So, what do we do to remedy the situation? Well, quite frankly, I don’t know. Yes, we could make people richer; the whole cut-at-the-root-of-the-discontentment rigmarole—admittedly our best bet. But, sometimes, even that doesn’t help—the eagerness of the residents of Punjab to murder their own daughters is proof enough.

However, if you do think of something, scribble it onto a pink chaddi and send it to Muthalik. In the meanwhile, I suggest we follow Mark Twain’s advice:

"When we remember we are all mad, the mysteries disappear and life stands explained."

Tuesday, February 17, 2009

Not PC

The Sunday Times of of India reports:

MEA computers hacked again

NEW DELHI: The ministry of external affairs on Sunday said that no classified information has been stolen, after over 600 of its computers were hacked.

According to Times Now, the machines were infected by spyware — a bug that gets into a computer taking control of the user's actions.

The infected computers include those in the ministry's sensitive Pakistan section.

Apparently, the hackers were foiled as the Pakistani data was kept on a Partitioned portion of the drive.

Sunday, February 8, 2009

Gay Pride takes Violent Turn in Pub

Militant homosexuals attacked a pub in Mangalore last week, thrashing courting heterosexuals in a bid to bring attention to the plight of sexual minorities in India.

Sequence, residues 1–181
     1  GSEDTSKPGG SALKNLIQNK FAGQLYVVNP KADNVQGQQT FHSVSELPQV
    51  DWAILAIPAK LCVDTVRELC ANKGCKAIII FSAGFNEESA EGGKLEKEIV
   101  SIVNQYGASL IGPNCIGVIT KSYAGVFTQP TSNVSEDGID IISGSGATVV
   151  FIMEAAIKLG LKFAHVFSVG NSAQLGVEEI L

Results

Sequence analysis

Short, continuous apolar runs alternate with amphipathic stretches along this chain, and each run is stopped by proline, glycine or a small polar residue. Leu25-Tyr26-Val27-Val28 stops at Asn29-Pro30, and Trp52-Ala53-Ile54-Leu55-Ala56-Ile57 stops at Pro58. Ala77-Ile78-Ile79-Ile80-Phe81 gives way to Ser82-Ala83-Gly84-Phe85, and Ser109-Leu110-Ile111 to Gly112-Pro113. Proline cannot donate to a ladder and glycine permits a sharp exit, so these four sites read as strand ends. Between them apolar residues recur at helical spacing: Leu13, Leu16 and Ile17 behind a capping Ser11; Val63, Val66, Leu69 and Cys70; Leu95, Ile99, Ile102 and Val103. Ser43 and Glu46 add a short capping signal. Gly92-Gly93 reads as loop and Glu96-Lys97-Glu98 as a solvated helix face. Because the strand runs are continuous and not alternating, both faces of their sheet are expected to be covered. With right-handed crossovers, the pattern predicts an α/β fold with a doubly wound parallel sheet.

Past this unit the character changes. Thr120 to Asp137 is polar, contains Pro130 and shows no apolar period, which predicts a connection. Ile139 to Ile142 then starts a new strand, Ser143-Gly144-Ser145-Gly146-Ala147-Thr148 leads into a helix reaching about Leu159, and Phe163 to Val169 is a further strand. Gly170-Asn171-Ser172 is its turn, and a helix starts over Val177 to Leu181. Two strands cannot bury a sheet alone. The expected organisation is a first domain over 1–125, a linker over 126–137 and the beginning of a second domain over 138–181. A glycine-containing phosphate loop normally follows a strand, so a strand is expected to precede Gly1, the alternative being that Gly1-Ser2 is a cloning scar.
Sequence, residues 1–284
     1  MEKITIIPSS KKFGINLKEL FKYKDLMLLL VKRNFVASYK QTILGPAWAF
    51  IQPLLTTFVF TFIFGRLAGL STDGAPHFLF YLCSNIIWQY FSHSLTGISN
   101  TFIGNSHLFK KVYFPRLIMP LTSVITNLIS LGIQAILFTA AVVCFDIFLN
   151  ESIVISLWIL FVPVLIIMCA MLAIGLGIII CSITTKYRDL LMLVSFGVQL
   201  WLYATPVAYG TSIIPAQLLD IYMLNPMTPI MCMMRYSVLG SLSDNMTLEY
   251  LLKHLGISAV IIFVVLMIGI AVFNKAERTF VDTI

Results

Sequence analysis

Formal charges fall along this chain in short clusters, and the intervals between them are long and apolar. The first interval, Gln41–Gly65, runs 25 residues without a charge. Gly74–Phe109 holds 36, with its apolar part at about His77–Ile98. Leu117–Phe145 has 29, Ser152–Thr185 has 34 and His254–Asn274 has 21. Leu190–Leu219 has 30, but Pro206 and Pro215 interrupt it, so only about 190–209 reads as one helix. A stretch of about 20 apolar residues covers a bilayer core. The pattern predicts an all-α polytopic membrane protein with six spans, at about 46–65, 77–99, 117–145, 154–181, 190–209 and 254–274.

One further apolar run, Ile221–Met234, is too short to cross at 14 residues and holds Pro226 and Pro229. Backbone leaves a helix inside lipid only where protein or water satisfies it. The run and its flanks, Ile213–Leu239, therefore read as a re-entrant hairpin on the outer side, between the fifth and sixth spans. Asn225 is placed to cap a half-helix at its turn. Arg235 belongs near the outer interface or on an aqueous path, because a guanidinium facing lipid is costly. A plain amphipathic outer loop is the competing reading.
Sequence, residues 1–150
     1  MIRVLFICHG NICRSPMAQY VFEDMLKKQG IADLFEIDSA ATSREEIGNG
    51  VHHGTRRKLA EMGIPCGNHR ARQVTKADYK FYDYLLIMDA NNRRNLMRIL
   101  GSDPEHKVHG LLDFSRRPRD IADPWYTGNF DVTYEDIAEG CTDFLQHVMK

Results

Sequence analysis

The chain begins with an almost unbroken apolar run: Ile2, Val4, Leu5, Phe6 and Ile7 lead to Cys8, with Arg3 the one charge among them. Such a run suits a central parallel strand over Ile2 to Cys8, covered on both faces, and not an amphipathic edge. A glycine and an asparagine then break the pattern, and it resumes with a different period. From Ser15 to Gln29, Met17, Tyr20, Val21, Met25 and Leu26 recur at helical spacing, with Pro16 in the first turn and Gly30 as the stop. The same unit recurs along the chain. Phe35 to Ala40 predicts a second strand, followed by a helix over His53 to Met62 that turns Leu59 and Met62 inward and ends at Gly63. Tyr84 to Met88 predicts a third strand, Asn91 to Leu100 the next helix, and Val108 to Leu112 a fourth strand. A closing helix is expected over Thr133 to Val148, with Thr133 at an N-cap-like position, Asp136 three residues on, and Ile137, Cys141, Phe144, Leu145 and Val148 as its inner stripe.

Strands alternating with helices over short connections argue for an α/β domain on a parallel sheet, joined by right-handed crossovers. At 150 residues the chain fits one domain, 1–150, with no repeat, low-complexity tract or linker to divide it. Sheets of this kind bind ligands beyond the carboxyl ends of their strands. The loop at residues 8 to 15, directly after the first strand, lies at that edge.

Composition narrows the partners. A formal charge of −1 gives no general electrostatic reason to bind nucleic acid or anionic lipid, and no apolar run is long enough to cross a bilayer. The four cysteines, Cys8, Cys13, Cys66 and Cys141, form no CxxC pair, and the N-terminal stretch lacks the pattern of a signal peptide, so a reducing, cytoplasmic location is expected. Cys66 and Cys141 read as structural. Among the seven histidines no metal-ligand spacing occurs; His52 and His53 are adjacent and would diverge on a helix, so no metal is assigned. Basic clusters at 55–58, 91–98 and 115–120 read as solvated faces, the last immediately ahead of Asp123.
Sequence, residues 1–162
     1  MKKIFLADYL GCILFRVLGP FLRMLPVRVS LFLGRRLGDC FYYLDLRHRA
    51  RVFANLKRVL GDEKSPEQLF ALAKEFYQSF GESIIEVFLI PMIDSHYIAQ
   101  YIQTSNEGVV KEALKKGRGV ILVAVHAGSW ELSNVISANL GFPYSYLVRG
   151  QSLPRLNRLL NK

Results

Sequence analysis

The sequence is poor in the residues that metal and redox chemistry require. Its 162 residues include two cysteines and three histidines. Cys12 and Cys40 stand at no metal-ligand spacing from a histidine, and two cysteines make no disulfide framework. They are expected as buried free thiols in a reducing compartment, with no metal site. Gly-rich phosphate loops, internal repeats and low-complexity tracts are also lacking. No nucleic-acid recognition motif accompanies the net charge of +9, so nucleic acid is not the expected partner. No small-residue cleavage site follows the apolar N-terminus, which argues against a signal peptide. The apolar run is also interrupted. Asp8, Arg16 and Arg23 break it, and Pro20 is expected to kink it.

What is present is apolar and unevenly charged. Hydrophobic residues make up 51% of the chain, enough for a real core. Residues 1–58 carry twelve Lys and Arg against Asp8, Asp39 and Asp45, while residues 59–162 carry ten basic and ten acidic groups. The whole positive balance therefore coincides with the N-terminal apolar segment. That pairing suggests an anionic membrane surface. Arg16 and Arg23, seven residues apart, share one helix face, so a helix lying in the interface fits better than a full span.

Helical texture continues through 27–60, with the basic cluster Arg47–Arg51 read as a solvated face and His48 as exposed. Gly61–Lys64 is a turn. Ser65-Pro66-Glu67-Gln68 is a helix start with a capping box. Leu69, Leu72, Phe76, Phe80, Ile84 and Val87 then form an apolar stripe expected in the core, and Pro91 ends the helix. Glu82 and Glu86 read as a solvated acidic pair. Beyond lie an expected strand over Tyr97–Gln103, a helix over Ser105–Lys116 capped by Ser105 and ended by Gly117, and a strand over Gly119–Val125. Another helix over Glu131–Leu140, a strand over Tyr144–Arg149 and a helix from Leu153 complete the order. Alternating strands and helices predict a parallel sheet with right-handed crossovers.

Witnesses say that the activists, in a fit of misogynistic rage, primarily vented their ire on the women, thrashing them mercilessly.

The leader of the group, Pramod Muthalik, confirmed that his men had indeed committed the deed. “We did it to protect Indian culture. Throughout our history we have celebrated homosexual love but look at India today. So we decided to give the heteros a taste of their own medicine and to remind India not to ape the west.”

India has several laws, enacted primarily by the British, making homosexuality a crime including the infamous Section 377. This act of violence against heterosexuals is seen by social scientists as a means of protests against the oppression faced by the LGBT community in India. It is even being spoken of in LGBT circles as India’s Stonewall.

Muthalik has vowed to wipe out this “curse of heterosexuality” from the country guaranteeing to remove contact between the two sexes which lead to such “unnatural and unIndian feelings”. He warned of severe consequence for any contact between the sexes, including mixed doubles Tennis matches. “A boy and a girl hitting balls in front of everybody is not good,” said Muthalik sternly.

Fire: LGBT activists burn Valentine's Day cards in Kashmir, which they say are “empty symbols of heterosexual love”. Photo by: AP